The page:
Disconcertingly, as soon as I left town Leeds really got its act together. It had been smartening up a bit during the eighties, but at the start of the nineties it got hosed down, dressed up and became a centre for the finance industry. Half the Civil Service moved up from London. New buildings popped up like fungus from a fruiting body. When I went back for visits I barely recognised the place.
Weirdly the same thing happened when I left Aberdeen. It almost overnight turned from a city-wide cage fight into a metropolitan sanctuary for the suave and the urbane.
Once was worrying, but twice? It was like coming out of a failed relationship and thinking of the other person, “Gosh I hope they’re OK.” And then the next time you see them they look fabulous, and are obviously thriving on your absence.
Not once, but twice… I think maybe I hold cities back. Stop them realising their full potential, that kind of thing.
Bad news for Inverness then, because I’m staying here as long as I can. It has culture, movies, live music, theatre everything. But at the same time there is landscape nearby that is so beautiful you want to fall to your knees weeping with gratitude when you see it. There are good travel links, but it is sufficiently far away from most centres of population that it remains forever like a particularly desirable suburb of Hobbiton.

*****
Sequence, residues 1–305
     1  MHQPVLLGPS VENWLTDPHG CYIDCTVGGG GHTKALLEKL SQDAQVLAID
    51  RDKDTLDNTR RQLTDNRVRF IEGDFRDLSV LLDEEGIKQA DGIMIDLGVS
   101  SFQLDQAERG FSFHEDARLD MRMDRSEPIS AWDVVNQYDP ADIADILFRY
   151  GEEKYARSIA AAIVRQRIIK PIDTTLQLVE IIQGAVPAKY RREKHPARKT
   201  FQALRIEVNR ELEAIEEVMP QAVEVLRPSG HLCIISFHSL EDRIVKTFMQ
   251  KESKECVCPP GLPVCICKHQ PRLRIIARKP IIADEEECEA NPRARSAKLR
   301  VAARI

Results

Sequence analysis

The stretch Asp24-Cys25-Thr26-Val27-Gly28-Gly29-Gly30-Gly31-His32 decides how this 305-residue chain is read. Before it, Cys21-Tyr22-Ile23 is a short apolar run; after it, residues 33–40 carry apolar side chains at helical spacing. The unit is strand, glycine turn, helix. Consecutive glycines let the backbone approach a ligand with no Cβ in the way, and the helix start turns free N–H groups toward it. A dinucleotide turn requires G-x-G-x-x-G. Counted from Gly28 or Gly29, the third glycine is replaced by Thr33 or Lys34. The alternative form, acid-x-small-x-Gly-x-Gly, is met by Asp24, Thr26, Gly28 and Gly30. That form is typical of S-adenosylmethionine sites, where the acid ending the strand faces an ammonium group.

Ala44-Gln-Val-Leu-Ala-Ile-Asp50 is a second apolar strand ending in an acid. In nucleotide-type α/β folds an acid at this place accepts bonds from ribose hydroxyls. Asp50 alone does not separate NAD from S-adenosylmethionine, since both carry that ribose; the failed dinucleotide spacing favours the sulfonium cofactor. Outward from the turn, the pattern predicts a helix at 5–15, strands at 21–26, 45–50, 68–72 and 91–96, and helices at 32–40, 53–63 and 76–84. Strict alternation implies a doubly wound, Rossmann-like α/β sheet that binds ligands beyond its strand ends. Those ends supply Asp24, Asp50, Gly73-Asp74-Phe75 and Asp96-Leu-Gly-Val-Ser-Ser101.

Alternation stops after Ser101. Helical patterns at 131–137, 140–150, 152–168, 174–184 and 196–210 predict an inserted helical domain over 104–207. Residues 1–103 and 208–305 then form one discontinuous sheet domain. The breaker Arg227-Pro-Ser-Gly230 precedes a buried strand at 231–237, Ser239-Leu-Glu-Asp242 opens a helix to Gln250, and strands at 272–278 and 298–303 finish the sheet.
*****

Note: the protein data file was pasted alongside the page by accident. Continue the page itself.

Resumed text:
When I bought my flat in 1998 the selling agent took me aside and, as a favour, said sotto voce that the reason it was so cheap was that the neighbourhood was a bit rough. That was over eleven years ago and I think I’m still laughing. Because what passes for a rough neighbourhood in Inverness would be, anywhere else in the world, a heritage site with a gift shop selling tea towels and little pots of honey.
The only other place I would consider moving to is Scarborough which first won my heart when I went there on a family holiday as a child. Scarborough is on the East coast of Yorkshire. It has spectacular cliffs that are unfortunately eroding so fast that the houses and hotels on top of them topple into the sea with the speed of reckless lemmings.
It was, I think, a town that found success as a holiday resort for wealthy Leeds businessmen in the late nineteenth and early twentieth century, and even though the raison d’être no longer exists the town still behaves as though it does. There’s a brilliant, seedy, loucheness in the air. A kind of cut-price Vegas, “ah you’re on your holidays, where’s the harm?” vibe.